Thursday, February 05, 2009

Relating to Teens

Two things happened yesterday that make me glad I'm a YA librarian. Don't get me wrong, I'm usually glad of this career choice, but these were especially good.

1. A teen who was in my original Teen Advisory Board, which started 10 years ago, wrote me that she has finished college and could I please write her a letter to get into graduate library school. I am glad that perhaps I made this job look like fun, and something she'd enjoy. And now that I'm passing the wand, can I retire? How would I pay for my Disney trips?

2. Last night we had a reception at the library to unveil a table that some local students from Schaumburg High School redesigned. I promise I will post pictures soon on that. We had purchased this table last summer, and it was soon carved up and ruined. My husband had the brilliant idea to ask the teens in an art department for help. A few years ago we did this with a mural in the teen area and it is astoundingly beautiful. The table is no different - five young ladies painted puzzle piece sections in themes, from detailed 'fashion dreams' to a sports scene with a scoreboard and more. All of their proud families were there. The teacher was moved to tears as we gave the art department a gift certificate as well as all artists and the teacher.

What does this have to do with writing for teens? When someone tells me that they 'relate well to teens', I am not inclined to hire them for a program at the library. It may be true, but it's the old show, don't tell policy. How do you know you relate well to teens? How do you enlist teen input? Do you have teens outside of your family read over your manuscript? Do you solicit ideas for programs from young people? Getting teen input is not always easy, but perhaps you could offer a teen contest on your website or blog to find some interested in the craft. You could offer the naming of a character or a free copy of a book or a small bookstore gift certificate as a prize.

Do you know about and/or honor teen achievement in your community? Meg Cabot just had a tiara auction to celebrate her last Princess Diaries book to benefit the Teen Services Department of the New York Public Library. Maybe donating a small amount to your local library's teen services or high school creative arts programs would be advertising that would pay off in many ways. You could be asked to be involved in upcoming events, more people would learn about you and your books, and the win-win cycle would continue.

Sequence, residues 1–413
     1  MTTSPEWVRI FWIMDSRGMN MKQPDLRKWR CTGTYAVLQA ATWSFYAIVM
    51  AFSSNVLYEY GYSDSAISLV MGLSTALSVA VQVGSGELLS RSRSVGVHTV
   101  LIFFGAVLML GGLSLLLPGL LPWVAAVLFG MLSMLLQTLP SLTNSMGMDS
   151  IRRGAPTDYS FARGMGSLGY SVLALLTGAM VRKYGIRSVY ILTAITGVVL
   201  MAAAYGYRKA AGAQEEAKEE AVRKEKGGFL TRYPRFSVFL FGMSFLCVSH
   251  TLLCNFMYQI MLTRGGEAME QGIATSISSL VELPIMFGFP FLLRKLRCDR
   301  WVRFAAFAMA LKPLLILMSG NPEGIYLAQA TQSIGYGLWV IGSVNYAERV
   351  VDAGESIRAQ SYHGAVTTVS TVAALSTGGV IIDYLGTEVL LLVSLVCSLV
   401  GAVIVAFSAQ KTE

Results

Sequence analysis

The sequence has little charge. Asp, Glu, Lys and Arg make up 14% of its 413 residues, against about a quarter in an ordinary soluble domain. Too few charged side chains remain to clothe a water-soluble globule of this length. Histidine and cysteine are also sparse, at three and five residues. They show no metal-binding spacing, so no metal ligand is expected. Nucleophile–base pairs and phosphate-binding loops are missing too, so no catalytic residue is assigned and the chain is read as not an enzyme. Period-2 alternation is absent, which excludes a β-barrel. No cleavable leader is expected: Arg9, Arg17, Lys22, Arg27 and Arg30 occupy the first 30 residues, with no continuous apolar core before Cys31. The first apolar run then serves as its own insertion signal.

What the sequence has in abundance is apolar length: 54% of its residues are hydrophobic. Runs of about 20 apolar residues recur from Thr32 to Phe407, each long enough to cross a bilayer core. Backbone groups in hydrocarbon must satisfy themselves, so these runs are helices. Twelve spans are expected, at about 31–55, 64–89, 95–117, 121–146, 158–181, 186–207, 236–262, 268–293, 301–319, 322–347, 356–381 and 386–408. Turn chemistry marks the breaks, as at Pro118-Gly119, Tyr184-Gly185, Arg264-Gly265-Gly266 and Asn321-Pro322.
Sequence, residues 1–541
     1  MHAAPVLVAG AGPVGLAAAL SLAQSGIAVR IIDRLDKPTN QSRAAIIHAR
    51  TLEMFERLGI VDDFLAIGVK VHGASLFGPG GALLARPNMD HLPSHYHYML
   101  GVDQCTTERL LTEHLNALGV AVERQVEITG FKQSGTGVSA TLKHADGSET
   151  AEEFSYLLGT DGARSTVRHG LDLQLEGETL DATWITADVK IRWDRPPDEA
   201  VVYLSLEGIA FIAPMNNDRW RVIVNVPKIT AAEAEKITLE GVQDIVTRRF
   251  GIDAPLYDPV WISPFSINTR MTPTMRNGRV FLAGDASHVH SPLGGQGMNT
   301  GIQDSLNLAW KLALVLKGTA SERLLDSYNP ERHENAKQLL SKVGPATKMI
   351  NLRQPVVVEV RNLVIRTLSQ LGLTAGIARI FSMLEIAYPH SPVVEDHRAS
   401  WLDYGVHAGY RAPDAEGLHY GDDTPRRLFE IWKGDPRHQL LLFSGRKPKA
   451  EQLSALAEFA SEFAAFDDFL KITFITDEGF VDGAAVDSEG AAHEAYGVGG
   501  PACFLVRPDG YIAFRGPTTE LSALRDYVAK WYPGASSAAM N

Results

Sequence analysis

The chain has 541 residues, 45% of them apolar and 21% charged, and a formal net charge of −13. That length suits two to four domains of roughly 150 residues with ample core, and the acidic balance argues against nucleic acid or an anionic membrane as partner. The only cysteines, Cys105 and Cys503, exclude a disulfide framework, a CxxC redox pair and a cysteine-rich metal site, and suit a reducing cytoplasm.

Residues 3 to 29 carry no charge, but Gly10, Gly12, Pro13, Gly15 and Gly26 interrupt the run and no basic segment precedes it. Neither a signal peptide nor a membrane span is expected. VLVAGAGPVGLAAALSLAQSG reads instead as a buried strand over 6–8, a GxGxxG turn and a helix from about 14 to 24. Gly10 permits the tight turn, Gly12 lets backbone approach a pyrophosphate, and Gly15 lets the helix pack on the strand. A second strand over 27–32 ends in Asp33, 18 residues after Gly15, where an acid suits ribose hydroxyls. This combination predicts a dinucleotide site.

-Amy Alessio


©DGreer said...

Great post, Amy! You must be one of those well-loved librarians everyone wants at their library.

Do you write, too? Is there a link to your books we could check out? Please let us know. :)


Mary Cunningham said...

Great thoughts, Amy!

We all need to consider how we can help our local libraries.

J.R. Turner said...

I love the whole win-win thing myself :) And supporting locally is so very important as well. It helps get you connected with the community you live in and makes everyone truly "neighbors" in the most wonderful sense of the word.

Great post!

Michele Scott said...

I visited the library all the time as a kid and loved it. i'm grateful for librarians like you who really care about kids and promoting writing amongst them!

Kudos, Amy!


Regan Black said...

Love the post, Amy! I first got interested in writing fiction because of a library program, so I love to return the favor these days and truly appreciate librarians!


L. Diane Wolfe said...

That is wonderful that young lady was inspired to pursue a librarian career! You must've made a big difference in her life.

Teen input is important. I've had assistance from local teens and those at our church, but another great resource has been a lessor-known social site. I'll post questions aimed at teens in the forum and get hundreds of replies from all over the world. Some would really break your heart...

Guess that's a whole new topic though...

L. Diane Wolfe

Norm Cowie said...

Teens are awesome!